That means the works Enstone outfit is the only team left on the grid using engines from Viry-Chatillon.
Last year outgoing team principal Cyril Abiteboul said Renault was "happy to focus on itself" but would consider adding a partner team if it added any extra value to the manufacturer.
Abiteboul has since moved on from Enstone during its transition to the Alpine identity, but Alpine's new brand CEO Rossi says the French constructor would still be open to welcoming a partner team in the future.
"We are open to the idea, we're not necessarily looking for one," Rossi said at the launch of the Alpine A521 F1 car.
"I think a partner team would be nice to have but not a must have, because we're building on the current F1 team, we need full autonomy, full independence and full dedication to the F1 team.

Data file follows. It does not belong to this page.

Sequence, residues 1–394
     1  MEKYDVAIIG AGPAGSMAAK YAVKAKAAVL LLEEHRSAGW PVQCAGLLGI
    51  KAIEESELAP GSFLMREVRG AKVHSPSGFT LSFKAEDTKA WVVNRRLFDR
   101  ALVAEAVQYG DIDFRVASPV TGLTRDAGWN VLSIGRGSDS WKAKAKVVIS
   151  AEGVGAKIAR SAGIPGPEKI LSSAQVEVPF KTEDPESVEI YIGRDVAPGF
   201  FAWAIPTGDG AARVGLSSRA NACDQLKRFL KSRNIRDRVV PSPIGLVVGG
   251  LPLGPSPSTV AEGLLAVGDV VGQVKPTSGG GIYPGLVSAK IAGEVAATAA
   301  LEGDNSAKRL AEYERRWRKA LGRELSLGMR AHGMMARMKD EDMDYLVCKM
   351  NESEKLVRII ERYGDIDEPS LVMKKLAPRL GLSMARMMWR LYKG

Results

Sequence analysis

"Being able to reap the fruit for the business, so building a partner team, could be nice to have down the road but it's not something we're actively seeking at the moment."
Rossi admits not having a second or third team to help drive the development of the complex hybrid power units is a drawback of its strategy but says there are plenty of positives to counterbalance that.
"The cons could be the fact that you might lose a little bit of the core developments that you could get by having running two or several teams in parallel," Rossi added. "But frankly, it could be outweighed very quickly should you have any problems.
"The pros are that we can dedicate all our efforts on designing our own engine and fitting it into our own car, which is a big pro because you're not distracted by other activities and you can really leverage the fact that you are a manufacturer.
"I like to add the fact that one of the cons could be that if you are designated to provide [engines] to another team, if you have not been prepared for that you will need to increase the workforce consistently.
"I'm not sure it's a very desirable effect, so at the end of the day we're pretty happy supplying ourselves at the moment."